Kai Nestman, left, with RI President Sakuji Tanaka, center, and other Rotaractors at the Rotary Global Peace Forum in Honolulu, Hawaii. Photo courtesy of Kai Nestman
By Kai Nestman, a member of the Rotaract Club of Ottawa, Ontario, Canada
This past weekend I was fortunate to participate in a Rotary Global Peace Forum in Honolulu, Hawaii. The forum placed a heightened emphasis on young people as catalysts for peace. Workshops brought together participants from around the world to discuss and engage in peace education, technology, intercultural understanding, peace through humanitarianism, and world peace through personal health, among many others. Young people offer us the greatest opportunity to move towards world peace.
Peace can be described as a lifetime journey that individuals travel through in the quest to achieve harmony – a personal expedition in search of harmony that could extend to the cosmos, our environment, the relations between each other, and our harmony with oneself. Peace could include a world free from violence and suffering, yet full of tolerance and love.
Aung San Suu Kyi, a Nobel Peace Prize recipient and Member of Parliament in Burma (Myanmar), was the keynote speaker at Rotary’s peace forum.
“Young men and women should not need to think about peace. If they need to think about peace there is something wrong with society; there is something wrong with their family situation, or their social situation,” described Daw Suu Kyi when I asked, “what encourages people to believe in peace, and especially youth in this process?”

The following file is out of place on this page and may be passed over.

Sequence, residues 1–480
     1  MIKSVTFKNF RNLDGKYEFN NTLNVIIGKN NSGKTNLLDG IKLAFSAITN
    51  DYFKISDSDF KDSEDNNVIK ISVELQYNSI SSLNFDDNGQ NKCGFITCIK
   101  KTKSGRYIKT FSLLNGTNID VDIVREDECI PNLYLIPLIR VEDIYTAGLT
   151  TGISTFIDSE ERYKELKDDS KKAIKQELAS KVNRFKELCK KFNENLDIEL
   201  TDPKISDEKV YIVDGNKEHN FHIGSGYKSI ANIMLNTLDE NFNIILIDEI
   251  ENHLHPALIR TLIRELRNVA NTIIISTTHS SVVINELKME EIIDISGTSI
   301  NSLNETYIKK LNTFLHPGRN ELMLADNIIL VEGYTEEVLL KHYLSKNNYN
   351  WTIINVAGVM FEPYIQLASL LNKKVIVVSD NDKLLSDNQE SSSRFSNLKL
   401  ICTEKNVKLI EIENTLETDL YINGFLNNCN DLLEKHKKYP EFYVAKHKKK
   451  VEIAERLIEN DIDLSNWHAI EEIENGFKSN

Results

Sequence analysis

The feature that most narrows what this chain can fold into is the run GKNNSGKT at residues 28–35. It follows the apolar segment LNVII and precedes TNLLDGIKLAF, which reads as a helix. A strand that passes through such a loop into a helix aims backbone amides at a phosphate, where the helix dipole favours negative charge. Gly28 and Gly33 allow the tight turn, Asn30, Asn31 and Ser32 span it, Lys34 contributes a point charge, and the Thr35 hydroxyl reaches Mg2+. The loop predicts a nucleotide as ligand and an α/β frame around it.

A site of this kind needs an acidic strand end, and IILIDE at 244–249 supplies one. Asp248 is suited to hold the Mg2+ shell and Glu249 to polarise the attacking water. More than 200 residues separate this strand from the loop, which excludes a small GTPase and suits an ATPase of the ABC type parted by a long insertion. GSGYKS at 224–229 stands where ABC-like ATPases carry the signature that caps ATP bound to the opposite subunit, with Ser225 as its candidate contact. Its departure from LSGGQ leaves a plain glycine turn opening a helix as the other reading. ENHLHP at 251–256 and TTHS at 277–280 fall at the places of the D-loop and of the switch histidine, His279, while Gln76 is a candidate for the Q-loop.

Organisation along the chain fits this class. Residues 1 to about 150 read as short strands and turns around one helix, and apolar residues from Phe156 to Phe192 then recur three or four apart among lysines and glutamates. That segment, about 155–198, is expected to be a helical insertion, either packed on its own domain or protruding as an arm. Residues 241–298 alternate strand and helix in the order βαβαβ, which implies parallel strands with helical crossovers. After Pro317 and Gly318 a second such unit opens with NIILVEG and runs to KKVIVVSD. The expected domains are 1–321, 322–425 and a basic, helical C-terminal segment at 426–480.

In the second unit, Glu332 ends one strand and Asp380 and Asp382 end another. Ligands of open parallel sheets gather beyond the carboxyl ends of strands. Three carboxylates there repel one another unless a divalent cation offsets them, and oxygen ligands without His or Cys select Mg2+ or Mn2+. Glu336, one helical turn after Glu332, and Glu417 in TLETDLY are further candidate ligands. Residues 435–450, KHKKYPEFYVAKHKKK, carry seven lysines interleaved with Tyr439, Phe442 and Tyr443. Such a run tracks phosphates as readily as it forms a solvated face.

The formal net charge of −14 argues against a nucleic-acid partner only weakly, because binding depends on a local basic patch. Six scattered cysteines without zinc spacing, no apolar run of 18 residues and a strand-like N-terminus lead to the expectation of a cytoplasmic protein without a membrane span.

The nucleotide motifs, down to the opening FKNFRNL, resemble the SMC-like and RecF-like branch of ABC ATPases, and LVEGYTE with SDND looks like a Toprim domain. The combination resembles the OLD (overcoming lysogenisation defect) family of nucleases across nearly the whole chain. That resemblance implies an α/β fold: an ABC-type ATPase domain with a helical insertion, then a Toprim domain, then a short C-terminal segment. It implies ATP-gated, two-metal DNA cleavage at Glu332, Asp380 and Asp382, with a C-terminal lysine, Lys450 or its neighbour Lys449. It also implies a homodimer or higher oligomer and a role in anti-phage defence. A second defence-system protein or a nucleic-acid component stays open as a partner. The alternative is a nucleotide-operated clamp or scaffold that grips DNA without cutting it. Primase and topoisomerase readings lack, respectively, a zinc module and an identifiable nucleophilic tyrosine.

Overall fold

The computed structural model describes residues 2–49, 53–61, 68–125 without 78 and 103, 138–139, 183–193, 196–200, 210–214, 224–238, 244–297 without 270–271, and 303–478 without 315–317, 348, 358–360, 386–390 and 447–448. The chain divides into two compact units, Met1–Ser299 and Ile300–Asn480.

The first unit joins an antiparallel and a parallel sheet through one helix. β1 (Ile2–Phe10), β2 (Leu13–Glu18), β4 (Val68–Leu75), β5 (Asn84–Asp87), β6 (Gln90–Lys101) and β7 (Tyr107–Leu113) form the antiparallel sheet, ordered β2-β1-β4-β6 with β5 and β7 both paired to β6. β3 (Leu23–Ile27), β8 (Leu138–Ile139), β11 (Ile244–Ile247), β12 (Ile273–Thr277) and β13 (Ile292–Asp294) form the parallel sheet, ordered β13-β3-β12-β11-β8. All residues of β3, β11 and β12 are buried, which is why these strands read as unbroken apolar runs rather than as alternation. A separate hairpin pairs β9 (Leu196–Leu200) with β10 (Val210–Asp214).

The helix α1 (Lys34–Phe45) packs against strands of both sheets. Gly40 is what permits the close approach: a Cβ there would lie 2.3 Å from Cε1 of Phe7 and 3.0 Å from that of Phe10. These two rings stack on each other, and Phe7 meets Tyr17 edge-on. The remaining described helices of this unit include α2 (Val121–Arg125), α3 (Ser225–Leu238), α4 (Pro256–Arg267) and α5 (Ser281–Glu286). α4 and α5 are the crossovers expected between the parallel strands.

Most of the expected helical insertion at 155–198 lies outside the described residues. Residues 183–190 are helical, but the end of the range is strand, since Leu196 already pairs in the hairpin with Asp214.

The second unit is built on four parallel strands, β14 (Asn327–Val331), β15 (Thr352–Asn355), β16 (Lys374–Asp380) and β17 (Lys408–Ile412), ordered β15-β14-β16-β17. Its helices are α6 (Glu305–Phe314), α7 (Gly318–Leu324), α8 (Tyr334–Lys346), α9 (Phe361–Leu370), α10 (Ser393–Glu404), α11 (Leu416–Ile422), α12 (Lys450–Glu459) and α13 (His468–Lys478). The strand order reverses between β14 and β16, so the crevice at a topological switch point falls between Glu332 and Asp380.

Suu Kyi continued in her response that, “the young must also understand the sedative for peace and the drive for peace… [and] because there is so much turmoil in the world we live in, that more and more young people understand the value of peace.”
Youth must gain access to the opportunity to broaden their horizons and cultural understanding through experiences such as a Rotary Youth Exchange. Rotary International sends more than 8,000 secondary school students each year to over 80 countries where students live with host families and bridge international friendships over a year-long exchange.
There are many opportunities for young people to study abroad, live in another country with host families, and engage in a new culture and language. These experiences through high school or during college and university develop international relationships between two similar yet different cultures. This exchange precipitates peace.
As Aung San Suu Kyi stated, “we depend on our young people to take us forward.” This could be significant in the quest to achieve world peace; however, we must look to organizations such as Rotary International and educational institutions to promote this shift in international experience and ensure greater accessibility. Everyone has a role in peace, but we must empower youth to grow as peacemakers.
Editor’s note: Kai Nestman is a member of the Rotaract Club of Ottawa and past Rotary Youth Exchange student to Thailand. Kai participated in the Rotary Global Peace Forum in Honolulu, Hawaii, through a generous partnership with the Rotary Club of Sunshine Coast-Sechelt (District 5040).
- Read more about the Rotary Global Peace Forum in Honolulu, Hawaii
- Learn more about the Rotary Peace Centers program
- Learn more about Rotary Youth Exchange
Source: Rotary Voices